It was the first real night of our honeymoon. Steph and I had just stepped off a water taxi onto a jetty just fifty steps away from our hotel in Venice. It was about 7 p.m., and we were excited to be in the most romantic city on earth. We were also wrecked after traveling from St. Louis to New York LaGuardia to New York JFK (by taxi) to London Heathrow to London Gatwick (by bus) to Venice (by plane) to Venice (by boat).
So as we got our bearings, I realized that we would have to walk over two sets of bridges which are nothing more than outdoor staircases that traverse these little canals. We would have to lug both large suitcases as well as both small rollers, plus two backpacks. 'No problem,' I thought stupidly.
So I attached each small roller to its corresponding life-sized replica of the state of Rhode Island, and I started heaving them up the stairs. Stephanie said, "Please let me take the rollers."
"Not, necessary my love. I've got this."
You know it's bad when an 86-year-old man stops and asks you if you need help. Stephanie was mortified. I was pouring like a Price Pfister testing facility, and my angel... the sweetest woman I'd ever met in my life... told me in no uncertain terms, "If you ever do this again, you can go..."
The next two words I can't mention here... though it would help if my manhood was a foot long and shaped like a boomerang. I learned a valuable lesson that day. I should have learned it two years prior while battling cancer.
I like to think of myself on the self-sufficient side. After I barely graduated high school, I took a year of culinary school so I could learn how to cook... figuring that if I never got married or if I ended up very far away from my dear sainted mother, I'd never starve. About this time, I also learned how to sew, change my oil, and wash my own clothes. Sure, the wrinkles made it look like I washed them in a river using a pair of rocks, but they were clean, dammit. In my mind, I was stronger than I had ever been. I was man...hear me roar. I could bring home the bacon... fry it up in a pan.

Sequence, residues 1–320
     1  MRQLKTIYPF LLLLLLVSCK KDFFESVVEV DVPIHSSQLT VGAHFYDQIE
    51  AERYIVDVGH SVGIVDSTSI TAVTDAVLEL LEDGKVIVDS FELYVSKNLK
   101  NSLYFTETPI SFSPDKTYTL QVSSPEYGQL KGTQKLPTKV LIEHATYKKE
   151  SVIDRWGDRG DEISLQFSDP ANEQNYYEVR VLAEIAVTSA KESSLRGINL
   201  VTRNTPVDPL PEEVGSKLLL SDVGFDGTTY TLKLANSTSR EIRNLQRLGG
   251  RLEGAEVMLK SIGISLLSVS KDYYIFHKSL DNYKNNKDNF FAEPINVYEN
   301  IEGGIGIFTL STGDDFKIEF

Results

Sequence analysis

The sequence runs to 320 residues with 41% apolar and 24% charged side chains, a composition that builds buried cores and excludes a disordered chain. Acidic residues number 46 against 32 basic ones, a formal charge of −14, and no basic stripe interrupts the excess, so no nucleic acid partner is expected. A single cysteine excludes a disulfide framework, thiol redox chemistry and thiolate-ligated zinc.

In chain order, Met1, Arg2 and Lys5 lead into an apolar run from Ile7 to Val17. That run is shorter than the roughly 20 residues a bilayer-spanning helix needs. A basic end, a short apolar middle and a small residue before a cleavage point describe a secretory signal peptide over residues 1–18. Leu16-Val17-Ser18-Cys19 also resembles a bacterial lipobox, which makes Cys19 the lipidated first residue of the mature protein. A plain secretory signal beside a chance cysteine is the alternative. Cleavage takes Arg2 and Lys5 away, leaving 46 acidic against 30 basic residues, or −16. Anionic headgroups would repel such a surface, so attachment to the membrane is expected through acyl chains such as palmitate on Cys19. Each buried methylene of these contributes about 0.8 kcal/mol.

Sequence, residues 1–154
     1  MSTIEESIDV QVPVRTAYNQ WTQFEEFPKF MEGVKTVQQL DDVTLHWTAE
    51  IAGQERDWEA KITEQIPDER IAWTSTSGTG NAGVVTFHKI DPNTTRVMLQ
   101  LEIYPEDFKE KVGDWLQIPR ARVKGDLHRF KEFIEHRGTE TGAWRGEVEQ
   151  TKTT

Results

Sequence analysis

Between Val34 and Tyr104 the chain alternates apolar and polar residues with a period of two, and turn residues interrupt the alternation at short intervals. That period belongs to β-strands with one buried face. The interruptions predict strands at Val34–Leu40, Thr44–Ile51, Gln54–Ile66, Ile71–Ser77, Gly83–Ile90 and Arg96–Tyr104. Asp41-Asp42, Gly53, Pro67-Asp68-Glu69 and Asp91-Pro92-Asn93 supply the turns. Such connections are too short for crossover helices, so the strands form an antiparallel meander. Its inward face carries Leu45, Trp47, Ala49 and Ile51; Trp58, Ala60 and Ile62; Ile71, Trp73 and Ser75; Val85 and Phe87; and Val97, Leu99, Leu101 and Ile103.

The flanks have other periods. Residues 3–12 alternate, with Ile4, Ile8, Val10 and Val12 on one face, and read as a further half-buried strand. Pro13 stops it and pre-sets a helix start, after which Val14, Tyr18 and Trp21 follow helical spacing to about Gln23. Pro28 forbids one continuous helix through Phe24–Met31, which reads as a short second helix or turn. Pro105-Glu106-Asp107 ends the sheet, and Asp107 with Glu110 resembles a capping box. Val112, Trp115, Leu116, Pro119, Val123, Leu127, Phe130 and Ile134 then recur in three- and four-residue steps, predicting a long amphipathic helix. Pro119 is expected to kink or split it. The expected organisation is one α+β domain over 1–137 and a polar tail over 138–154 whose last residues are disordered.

Only I wasn't strong. In fact, I was very weak. And that weakness boiled down to something very simple: I was afraid of not being good enough if I couldn't do everything myself.
I'm eleven years away from my diagnosis now, and I am blessed to say that I have been cured for a decade. But I look back at some of my foolishness and think the fact that I lived through it was a minor miracle, and that I survived in spite of myself.
When I first heard "You have cancer," like everyone, I went into panic mode. What do I do? How do I fight? I'm angry. I'm confused. I'm scared. Those who are close to you know this because they feel the exact same way. So they do what they should do: they reach out and hold you up, and at that moment, that's all you really want. They say, "We're here to help you." "We love you." "What can we do?"
And at first, it's lovely. You revert to your childhood a little bit, just wanting to be held and reassured that it's going to be alright. But then something interesting happens, especially to those of us blessed enough to have the chemotherapy or radiation actually work. When you realize that you have a good shot at survival, you attempt to get things as back to normal as they used to be. The problem is that things will never be as normal as they used to be, and as the patient, I didn't realize this.